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UN Women Uganda launches 16 Days of Activism against Gender-Based Violence campaign

By APO Group
28 December 2021   |   6:00 pm
Download logoThe National Launch for Uganda’s 16 Days of Activism campaign took place in Kamdini, Oyam District on26 November 2021. This launch was organized following multiple consultative National Organising Committee (NOC) meetings, led by the Ministry of Gender, Labour and Social Development (MGLSD). “Launching 16 Days of Activism in Oyam District and in Northern Uganda…

UN Women
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The National Launch for Uganda’s 16 Days of Activism campaign took place in Kamdini, Oyam District on26 November 2021. This launch was organized following multiple consultative National Organising Committee (NOC) meetings, led by the Ministry of Gender, Labour and Social Development (MGLSD).

“Launching 16 Days of Activism in Oyam District and in Northern Uganda in particular, ignited collective voices and call to action to end violence against women and girls in all its form. The launch heightened a growing concern among leaders in the region and stakeholders on increased teenage pregnancies, forced marriages that are demonstrated with increased statistics in the region,” Said Jolly Acen, UN Women Programme Specialist and Head of UN Women Sub Office in Gulu.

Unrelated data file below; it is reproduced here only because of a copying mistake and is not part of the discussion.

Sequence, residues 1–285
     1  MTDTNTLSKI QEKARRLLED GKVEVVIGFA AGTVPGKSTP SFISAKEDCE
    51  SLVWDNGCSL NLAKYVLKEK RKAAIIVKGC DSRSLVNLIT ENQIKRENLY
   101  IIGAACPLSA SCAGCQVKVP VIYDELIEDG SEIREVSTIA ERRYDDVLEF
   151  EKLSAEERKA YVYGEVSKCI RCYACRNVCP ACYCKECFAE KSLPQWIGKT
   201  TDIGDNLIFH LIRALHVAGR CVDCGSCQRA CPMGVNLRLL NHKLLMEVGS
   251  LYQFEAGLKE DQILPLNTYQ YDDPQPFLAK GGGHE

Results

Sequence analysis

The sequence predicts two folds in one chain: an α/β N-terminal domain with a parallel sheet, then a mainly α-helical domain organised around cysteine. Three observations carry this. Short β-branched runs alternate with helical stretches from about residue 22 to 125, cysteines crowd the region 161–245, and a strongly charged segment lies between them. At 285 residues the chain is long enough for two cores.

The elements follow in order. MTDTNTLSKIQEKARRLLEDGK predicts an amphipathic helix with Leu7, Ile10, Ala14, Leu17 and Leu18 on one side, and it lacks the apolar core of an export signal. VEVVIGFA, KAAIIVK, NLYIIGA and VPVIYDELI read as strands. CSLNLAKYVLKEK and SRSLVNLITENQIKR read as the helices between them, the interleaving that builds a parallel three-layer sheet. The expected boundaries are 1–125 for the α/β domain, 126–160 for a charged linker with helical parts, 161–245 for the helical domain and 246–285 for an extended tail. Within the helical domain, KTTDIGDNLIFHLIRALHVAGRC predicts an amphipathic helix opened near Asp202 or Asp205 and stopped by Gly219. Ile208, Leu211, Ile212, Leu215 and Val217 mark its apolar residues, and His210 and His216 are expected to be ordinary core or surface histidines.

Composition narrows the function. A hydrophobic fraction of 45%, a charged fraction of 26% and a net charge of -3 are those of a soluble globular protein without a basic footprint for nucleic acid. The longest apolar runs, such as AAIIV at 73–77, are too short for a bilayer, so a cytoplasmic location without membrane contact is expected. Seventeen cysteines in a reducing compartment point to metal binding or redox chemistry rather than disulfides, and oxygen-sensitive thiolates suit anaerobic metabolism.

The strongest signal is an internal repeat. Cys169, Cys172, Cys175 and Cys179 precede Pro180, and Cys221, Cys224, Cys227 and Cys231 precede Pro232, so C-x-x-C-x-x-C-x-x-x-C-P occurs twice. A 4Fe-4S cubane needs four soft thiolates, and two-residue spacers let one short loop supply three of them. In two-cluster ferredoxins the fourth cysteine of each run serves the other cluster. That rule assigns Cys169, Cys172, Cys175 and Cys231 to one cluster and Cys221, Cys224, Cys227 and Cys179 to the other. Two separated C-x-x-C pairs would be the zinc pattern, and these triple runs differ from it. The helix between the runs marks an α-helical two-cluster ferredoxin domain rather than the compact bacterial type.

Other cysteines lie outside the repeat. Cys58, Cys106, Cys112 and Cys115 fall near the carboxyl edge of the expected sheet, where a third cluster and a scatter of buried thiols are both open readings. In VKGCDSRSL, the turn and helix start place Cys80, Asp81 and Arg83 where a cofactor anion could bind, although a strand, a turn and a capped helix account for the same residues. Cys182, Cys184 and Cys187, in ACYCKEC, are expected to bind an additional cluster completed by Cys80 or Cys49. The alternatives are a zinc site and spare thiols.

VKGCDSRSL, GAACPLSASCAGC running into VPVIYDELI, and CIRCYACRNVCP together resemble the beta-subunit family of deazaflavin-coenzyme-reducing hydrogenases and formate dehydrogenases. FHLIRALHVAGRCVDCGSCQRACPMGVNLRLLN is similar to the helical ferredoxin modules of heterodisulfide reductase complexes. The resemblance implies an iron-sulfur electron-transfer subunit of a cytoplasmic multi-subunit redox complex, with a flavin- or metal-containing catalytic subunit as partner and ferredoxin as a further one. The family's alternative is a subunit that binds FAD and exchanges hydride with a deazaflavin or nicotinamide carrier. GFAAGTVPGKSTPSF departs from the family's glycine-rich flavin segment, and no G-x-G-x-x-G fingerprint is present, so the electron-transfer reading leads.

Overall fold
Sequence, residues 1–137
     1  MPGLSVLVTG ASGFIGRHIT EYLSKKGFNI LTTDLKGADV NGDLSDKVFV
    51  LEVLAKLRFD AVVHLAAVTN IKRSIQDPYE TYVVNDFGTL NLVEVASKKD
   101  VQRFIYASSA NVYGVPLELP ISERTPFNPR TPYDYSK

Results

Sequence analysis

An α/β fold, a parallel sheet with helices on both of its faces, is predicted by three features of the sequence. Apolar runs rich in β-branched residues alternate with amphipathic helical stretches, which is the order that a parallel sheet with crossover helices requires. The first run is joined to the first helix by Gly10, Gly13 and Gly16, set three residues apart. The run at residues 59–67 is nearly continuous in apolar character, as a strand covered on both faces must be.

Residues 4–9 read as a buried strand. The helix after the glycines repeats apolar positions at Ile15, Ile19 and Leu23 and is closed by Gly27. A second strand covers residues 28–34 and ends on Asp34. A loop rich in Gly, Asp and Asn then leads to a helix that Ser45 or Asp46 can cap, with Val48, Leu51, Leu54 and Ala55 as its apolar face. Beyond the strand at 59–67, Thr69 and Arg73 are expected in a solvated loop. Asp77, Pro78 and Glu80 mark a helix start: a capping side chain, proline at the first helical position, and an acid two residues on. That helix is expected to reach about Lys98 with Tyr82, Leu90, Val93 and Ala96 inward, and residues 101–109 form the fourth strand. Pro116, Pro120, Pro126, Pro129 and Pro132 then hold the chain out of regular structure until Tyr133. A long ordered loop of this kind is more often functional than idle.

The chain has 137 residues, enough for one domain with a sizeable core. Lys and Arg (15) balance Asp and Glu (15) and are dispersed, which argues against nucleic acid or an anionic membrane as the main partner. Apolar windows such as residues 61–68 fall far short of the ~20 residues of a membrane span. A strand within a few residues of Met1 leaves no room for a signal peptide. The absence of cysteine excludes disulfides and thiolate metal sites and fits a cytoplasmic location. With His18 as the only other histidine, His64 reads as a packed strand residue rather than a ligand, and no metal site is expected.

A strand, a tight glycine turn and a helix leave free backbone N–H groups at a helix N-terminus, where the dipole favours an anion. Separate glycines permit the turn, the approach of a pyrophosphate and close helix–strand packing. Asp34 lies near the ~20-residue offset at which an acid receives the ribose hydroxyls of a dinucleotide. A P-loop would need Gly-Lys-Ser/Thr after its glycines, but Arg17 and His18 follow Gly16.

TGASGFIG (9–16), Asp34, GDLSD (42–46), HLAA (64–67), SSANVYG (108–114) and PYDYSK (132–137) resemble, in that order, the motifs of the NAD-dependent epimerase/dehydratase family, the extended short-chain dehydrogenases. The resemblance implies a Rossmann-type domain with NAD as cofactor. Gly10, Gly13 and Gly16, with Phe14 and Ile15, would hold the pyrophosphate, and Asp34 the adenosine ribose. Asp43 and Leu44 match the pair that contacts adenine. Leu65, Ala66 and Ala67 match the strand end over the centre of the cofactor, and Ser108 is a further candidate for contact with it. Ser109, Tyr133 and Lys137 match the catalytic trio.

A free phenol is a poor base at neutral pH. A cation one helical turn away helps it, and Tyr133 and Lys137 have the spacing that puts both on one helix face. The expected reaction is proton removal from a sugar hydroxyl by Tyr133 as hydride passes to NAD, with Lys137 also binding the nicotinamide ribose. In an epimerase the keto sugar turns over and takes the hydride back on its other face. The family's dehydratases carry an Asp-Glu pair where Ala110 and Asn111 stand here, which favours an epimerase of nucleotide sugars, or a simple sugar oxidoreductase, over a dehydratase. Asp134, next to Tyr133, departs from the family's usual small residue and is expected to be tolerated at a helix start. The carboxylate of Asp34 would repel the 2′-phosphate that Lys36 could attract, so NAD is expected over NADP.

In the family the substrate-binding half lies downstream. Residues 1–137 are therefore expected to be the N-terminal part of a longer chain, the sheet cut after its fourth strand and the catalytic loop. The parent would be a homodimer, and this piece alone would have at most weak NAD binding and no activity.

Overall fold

Oyam District was selected as the location for this year’s 16 Days launch due to arising concerns. The COVID-19 pandemic worsened the bad situation for women and girls in the country. The 16 Days launch is taking place in Oyam District because data and statistics have shown a very high prevalence of teenage pregnancy. This has been recorded over the year 2020-2021, indicative of a clear link between girls out of schools (due to lockdown measures) and conception.

The event is aimed at raising awareness at the local and national levels about violence against women and its impact on national development, while advocating for strategic actions by government, development partners, civil society, religious and cultural leaders and the private sector for increased resource allocations towards positive social norm change in the prevention and response to violence.

In the intervals between remarks and commitments, local arts groups provided “edutainment” in the local language Langi, as they called for respect for women in the household. On site was a “Women At Work” fair, where women entrepreneurs showcased their wares. The women entrepreneurs are benefiting from the Uganda Women Entrepreneurship Programme, UWEP. UN Women contributed to the capacity building of women on financial literacy, training on value addition, group dynamics and other skills.